“I have tried it. But if I stop myself going for the hoover, I’d get a pain from shoulder to shoulder, a sick nervous pain. One side of my head is telling me one thing and the other side is telling me something different. To me it’s easier to do it. It’s all to do with the depression. I’m sleeping but my mind is still going at the rate of 90.”
Poignantly, when Bernie was talking to her counsellor in Pieta House, it emerged that her own welfare was not her primary concern.
“I was asked in Pieta House, ‘what did I think of Bernie?’ I do not like myself. I’m here for three reasons; my two kids and my mother. The kids are 18 and 21 now. They’re not going to be around forever. So I have to try and start learning to be here for myself. I come across confident and great craic but behind closed doors, people don’t realise what goes on.”
She accepts that one of the keys to her recovery is increased self-esteem.
“Maybe I’ll get there. I was told in counselling that it should be me number one because if I’m not looking after me, I can’t look after anybody else. Hopefully, down the line, I can come back and say ‘I’m up there but right now, I’m far down the pecking order. Right now I can’t see it happening but maybe …”
Bernie loves following Kilmurry Ibrickane. Football is one of her passions in life but even at a match, her OCD follows.
“I just love the football. Even if Kilmurry aren’t playing, I’ll go and watch somebody else play. But I could be at a match and I’d count the 30 players. It takes control of everything. If I know there’s a match at 1pm, I have to have everything done. Coming home, I can’t stop for a drink because I might have only hoovered twice that day. I’ve missed weddings, parties and an awful lot of things.”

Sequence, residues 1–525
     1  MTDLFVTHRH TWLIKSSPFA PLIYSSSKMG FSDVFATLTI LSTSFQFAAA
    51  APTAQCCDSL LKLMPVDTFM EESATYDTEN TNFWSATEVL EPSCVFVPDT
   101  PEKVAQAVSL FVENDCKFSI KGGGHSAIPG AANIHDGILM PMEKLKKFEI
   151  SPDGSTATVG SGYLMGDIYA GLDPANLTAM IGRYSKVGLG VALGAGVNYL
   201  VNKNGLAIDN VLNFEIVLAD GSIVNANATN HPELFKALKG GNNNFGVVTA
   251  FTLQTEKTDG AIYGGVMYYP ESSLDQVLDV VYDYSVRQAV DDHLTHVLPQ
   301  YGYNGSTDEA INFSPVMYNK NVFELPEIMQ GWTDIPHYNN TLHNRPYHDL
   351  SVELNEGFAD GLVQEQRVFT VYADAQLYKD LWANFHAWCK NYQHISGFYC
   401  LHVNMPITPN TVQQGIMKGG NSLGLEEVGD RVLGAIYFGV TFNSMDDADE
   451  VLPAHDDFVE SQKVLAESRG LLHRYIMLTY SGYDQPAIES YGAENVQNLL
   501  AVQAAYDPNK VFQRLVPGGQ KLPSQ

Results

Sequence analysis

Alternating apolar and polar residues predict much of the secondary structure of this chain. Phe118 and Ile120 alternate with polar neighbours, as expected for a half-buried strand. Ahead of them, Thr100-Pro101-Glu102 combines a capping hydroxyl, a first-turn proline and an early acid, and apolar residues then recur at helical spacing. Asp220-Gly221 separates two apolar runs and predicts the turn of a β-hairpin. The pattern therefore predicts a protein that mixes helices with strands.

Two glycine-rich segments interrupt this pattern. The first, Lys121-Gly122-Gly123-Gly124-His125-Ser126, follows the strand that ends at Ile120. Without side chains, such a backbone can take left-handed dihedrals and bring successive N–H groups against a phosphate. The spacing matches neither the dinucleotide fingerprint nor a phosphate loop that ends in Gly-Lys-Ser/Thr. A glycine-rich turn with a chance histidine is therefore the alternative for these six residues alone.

Bernie feels for her mother, Patricia, who she is very close to.
“Going back a good few years, I wrote my mother a letter. I’m very, very close to my mother but I had to write her a letter explaining it. It was the only way I could tell mom without her getting upset or worrying about me. I have three sisters and two brothers and they are very, very good to me. It was easier to tell your sisters than it was the boys but gradually they got wind of it.”
Speaking publicly is a brave move but Bernie did it to highlight the help Pieta House have given her and to hopefully help others in some way.
“If I thought I could save someone’s life by talking about mental illness, of course I would. You shouldn’t be embarrassed about it. I was for a long time and that’s why I hid it so well. If somebody knocked on my door, my door would always be open and whatever would be said would be in private. I’m no counsellor but there needs to be more talking.
“A percentage of people would probably be shocked that I have been so sick, so low and so down. I’m doing this for other people and to highlight that there is help there. Only for I got the help 17 weeks ago and only for my doctor, family and friends, I would be dead,” she believes.
“For a long time I was embarrassed about it. I had this thing in my head that people were saying ‘pull out of it. What can be so bad? We all have an off day.’ But when you’re down so low, there’s a dark, dark tunnel there. It’s only now after 17 weeks I’m beginning to see it. Pieta House brought me from rock bottom,” Bernie, a woman of admirable fortitude and candour, concluded.
In 2015, Bernie plans to hold a fundraiser in aid of Pieta House, whose services can be viewed on www.pieta.ie. Pieta House in Limerick can be contacted at 061 484444.
By Peter O’Connell